Boffins have developed a new storage medium that could replace CDs within five years.

The new technology is paper-thin and can hold up to 1GB of data. It was developed by researchers from Princeton University and HP. The invention also benefits from being inexpensive to produce, as it uses a small amount of silicon with common plastics.

Researchers have identified a previously unknown property of a commonly used conductive plastic coating dubbed PEDOT. This conducts electricity at low voltages but acts as a semiconductor at higher voltages.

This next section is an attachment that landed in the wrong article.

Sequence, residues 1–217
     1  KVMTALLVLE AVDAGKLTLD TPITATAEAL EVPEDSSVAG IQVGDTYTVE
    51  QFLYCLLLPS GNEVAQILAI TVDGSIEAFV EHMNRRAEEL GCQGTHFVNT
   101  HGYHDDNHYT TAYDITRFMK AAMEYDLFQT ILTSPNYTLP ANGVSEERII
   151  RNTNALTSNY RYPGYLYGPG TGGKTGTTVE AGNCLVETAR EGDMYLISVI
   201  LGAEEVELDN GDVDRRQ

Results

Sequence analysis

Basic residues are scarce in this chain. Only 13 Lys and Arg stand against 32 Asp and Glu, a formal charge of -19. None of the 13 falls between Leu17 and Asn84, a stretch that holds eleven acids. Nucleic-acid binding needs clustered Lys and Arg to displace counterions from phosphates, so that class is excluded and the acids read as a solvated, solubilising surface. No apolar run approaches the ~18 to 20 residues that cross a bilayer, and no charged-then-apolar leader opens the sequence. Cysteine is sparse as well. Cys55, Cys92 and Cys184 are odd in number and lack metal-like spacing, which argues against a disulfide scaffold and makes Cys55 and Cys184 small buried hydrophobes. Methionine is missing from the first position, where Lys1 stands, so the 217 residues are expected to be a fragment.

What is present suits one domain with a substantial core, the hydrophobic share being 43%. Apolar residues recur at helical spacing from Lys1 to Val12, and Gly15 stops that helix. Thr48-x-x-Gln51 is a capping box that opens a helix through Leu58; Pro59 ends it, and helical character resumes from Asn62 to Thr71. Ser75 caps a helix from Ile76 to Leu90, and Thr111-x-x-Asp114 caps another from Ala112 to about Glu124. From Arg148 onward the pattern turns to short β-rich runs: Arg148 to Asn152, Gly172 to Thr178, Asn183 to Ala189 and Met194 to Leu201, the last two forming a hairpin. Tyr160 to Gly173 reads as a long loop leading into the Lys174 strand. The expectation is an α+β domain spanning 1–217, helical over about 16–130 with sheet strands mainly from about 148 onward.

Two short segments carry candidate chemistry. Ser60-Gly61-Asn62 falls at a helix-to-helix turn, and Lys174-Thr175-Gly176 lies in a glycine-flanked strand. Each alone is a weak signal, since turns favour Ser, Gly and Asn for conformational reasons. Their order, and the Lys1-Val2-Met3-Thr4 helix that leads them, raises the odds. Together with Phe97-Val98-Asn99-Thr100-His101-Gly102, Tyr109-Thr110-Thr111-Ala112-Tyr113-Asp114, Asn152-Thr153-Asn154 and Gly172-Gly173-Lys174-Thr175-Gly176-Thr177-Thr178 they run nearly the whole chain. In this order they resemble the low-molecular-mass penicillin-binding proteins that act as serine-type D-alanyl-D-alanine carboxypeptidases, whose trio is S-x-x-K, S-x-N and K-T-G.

Scientists added fuses to the material. When a high voltage is applied to parts of it, a permanent trail of blown and unblown fuses is left behind. These can represent zeros and ones in binary format, which means the solution can be used to store data.

Research is now moving toward developing the technology as a rewriteable format. Despite this, the technology as it stands offers an inexpensive storage medium, scientists told InfoWorld.